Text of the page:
Qualifications are made up of courses. Some universities call these papers. Each course is numbered using six digits.
The fourth number of the course code shows the level of the course. For example, in course 219206, the fourth number is a 2, so it is a 200-level course (usually studied in the second year of full-time study).
Each course is worth a number of credits. You combine courses (credits) to meet the total number of credits needed for your qualification.
Course planning information
Attendance at Skills Laboratory compulsory for Internal Albany students.
General progression requirementsYou may enrol in a postgraduate course (that is a 700-, 800- or 900-level course) if you meet the prerequisites for that course and have been admitted to a qualification which lists the course in its schedule.
What you will learn. Knowledge, skills and attitudes you’ll be able to show as a result of successfully finishing this course.
- 1 To develop an understanding of social work as a profession.
- 2 To examine and critique social work knowledge and practice.
- 3 To develop a working knowledge of an integrated framework for social work practice.
- 4 To develop knowledge on practices relevant to social work with different cultural groups.
- 5 To promote the development of knowledge and practice skills in working with individuals, groups and families.
- 6 To explore own life experiences, beliefs and values as well as societal and professional expectations as a way of understanding the social work role.
- 7 To develop a platform for advanced study of selected fields of practice in the subsequent years of study.
Learning outcomes can change before the start of the semester you are studying the course in.
|Assessment||Learning outcomes assessed||Weighting|
|Written Assignment||1 2 6||30%|
|Written Assignment||1 2 3 4 5 7||30%|
|Written Assignment||1 2 3 4 5 7||40%|
Assessment weightings can change up to the start of the semester the course is delivered in.
You may need to take more assessments depending on where, how, and when you choose to take this course.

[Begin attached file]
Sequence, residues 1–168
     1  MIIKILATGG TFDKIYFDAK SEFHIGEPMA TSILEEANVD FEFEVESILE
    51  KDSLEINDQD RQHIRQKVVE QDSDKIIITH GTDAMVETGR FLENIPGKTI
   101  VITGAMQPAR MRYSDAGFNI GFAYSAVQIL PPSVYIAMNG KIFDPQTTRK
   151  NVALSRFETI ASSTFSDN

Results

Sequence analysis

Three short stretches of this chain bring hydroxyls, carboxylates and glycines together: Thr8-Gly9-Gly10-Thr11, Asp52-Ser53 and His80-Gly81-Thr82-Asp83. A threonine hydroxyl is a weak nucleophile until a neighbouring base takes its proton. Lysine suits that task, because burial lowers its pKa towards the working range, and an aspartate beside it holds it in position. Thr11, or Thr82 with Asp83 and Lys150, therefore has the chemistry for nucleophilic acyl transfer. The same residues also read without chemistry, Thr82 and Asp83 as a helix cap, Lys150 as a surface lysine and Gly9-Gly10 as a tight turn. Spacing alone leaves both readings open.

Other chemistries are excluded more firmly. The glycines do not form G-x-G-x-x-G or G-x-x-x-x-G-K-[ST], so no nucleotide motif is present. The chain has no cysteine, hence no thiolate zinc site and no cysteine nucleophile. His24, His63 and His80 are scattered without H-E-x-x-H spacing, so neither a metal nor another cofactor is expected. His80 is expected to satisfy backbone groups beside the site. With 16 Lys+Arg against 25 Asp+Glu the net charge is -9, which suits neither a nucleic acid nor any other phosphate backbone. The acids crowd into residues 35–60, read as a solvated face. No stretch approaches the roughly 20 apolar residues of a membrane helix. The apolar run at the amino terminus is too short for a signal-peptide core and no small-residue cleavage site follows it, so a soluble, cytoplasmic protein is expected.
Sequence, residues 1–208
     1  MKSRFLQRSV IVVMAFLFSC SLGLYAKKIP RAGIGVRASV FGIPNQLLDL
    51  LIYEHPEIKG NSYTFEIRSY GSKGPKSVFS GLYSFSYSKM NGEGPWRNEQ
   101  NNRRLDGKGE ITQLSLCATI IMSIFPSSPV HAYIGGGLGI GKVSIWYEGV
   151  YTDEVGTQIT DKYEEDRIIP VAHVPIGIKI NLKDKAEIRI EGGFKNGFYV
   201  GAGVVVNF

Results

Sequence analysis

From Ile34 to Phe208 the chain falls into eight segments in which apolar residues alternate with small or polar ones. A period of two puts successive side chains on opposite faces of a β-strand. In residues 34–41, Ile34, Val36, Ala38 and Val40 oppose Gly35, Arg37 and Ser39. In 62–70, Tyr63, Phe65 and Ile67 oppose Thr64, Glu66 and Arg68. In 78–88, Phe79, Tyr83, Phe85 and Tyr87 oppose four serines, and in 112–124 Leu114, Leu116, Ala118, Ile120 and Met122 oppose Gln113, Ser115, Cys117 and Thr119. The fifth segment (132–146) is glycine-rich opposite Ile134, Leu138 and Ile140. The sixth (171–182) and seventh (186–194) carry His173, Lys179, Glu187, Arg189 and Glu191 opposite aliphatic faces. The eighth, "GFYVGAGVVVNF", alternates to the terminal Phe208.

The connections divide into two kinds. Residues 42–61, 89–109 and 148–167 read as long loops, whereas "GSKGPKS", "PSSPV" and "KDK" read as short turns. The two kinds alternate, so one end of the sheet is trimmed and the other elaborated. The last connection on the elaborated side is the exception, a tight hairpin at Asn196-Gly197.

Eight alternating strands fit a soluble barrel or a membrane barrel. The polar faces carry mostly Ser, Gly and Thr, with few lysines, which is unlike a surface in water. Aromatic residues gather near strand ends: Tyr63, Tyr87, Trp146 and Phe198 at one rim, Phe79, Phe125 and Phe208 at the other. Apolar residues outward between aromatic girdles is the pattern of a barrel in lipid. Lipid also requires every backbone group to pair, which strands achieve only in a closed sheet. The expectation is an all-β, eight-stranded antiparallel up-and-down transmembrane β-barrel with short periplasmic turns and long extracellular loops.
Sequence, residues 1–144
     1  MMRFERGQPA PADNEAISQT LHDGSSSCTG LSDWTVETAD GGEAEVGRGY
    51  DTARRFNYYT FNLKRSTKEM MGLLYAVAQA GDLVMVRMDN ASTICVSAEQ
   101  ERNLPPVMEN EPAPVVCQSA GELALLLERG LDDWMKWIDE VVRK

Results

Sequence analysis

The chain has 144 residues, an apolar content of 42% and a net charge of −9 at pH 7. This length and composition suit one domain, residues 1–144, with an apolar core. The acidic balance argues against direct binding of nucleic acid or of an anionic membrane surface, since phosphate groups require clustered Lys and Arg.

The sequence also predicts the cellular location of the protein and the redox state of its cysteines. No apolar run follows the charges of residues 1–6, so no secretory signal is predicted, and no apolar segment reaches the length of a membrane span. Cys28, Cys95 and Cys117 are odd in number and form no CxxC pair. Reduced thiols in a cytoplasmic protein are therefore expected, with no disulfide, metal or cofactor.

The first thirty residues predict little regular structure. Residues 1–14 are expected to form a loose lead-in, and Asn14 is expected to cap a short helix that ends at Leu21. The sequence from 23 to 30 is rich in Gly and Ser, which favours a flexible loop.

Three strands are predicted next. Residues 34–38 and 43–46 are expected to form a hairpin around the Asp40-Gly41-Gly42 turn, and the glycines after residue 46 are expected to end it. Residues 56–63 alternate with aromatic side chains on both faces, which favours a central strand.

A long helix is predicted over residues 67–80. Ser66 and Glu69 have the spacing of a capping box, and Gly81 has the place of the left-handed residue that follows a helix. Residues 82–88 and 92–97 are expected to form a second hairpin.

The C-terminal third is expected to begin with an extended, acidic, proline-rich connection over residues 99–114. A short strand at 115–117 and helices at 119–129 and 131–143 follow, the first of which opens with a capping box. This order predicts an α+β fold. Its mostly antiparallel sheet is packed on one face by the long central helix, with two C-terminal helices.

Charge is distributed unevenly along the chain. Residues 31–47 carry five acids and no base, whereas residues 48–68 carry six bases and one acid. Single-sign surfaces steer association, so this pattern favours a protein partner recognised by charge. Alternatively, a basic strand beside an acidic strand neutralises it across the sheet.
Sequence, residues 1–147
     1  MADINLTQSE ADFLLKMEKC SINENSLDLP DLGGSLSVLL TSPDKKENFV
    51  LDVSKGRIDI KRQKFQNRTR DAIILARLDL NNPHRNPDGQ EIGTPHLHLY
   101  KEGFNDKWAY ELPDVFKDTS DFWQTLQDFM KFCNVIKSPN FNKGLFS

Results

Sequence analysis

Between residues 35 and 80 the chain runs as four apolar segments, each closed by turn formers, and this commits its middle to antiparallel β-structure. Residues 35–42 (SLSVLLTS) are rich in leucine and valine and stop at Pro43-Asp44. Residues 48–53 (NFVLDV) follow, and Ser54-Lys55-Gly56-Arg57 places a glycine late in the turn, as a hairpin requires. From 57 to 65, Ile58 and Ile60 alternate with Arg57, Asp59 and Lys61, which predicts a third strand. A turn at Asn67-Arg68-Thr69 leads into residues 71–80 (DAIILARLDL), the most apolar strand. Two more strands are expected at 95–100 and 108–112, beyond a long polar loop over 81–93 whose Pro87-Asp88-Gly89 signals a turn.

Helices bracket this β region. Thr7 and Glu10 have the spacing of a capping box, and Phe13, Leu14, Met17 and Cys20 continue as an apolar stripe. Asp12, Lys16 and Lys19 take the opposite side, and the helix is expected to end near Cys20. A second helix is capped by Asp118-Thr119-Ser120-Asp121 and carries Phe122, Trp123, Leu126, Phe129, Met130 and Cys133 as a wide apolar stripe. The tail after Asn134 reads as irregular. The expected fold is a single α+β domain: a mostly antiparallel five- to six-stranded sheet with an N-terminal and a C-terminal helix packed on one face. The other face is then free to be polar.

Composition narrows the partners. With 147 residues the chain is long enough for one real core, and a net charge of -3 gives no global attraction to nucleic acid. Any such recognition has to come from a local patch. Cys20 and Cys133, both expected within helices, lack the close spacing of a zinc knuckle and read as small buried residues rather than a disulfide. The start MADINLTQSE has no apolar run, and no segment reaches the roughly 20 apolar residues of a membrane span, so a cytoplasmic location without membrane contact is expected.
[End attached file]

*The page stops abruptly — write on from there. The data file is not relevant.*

Explanation of assessment types
- Computer programmes
- Computer animation and screening, design, programming, models and other computer work.
- Creative compositions
- Animations, films, models, textiles, websites, and other compositions.
- Exam College or GRS-based (not centrally scheduled)
- An exam scheduled by a college or the Graduate Research School (GRS). The exam could be online, oral, field, practical skills, written exams or another format.
- Exam (centrally scheduled)
- An exam scheduled by Assessment Services (centrally) – you’ll usually be told when and where the exam is through the student portal.
- Oral or performance or presentation
- Debates, demonstrations, exhibitions, interviews, oral proposals, role play, speech and other performances or presentations.
- You may be assessed on your participation in activities such as online fora, laboratories, debates, tutorials, exercises, seminars, and so on.
- Creative, learning, online, narrative, photographic, written, and other portfolios.
- Practical or placement
- Field trips, field work, placements, seminars, workshops, voluntary work, and other activities.
- Technology-based or experience-based simulations.
- Laboratory, online, multi-choice, short answer, spoken, and other tests – arranged by the school.
- Written assignment
- Essays, group or individual projects, proposals, reports, reviews, writing exercises, and other written assignments.
Textbooks can change. We recommend you wait until at least seven weeks before the semester starts to buy your textbooks.
THEORETICAL PERSPECTIVES FOR DIRECT SOCIAL WORK PRACTICE A GENERALIST-ECLECTIC APPROACH
ASSESSMENT IN SOCIAL WORK
PROMOTING FAMILY CHANGE
WORKING WITH FAMILIES: STRENGTH-BASED APPROACHES
SOCIAL WORK PRACTICE
NEW THEORIES FOR SOCIAL WORK PRACTICE : ETHICAL PRACTICE FOR WORKING WITH INDIVIDUALS, FAMILIES AND COMMUNITIES
GROUPS. PROCESS AND PRACTICE 10ED
INDIGENOUS SOCIAL WORK AROUND THE WORL
ASSESSMENT IN SOCIAL WORK
ETHICS AND VALUES IN SOCIAL WORK
MODERN SOCIAL WORK THEORY
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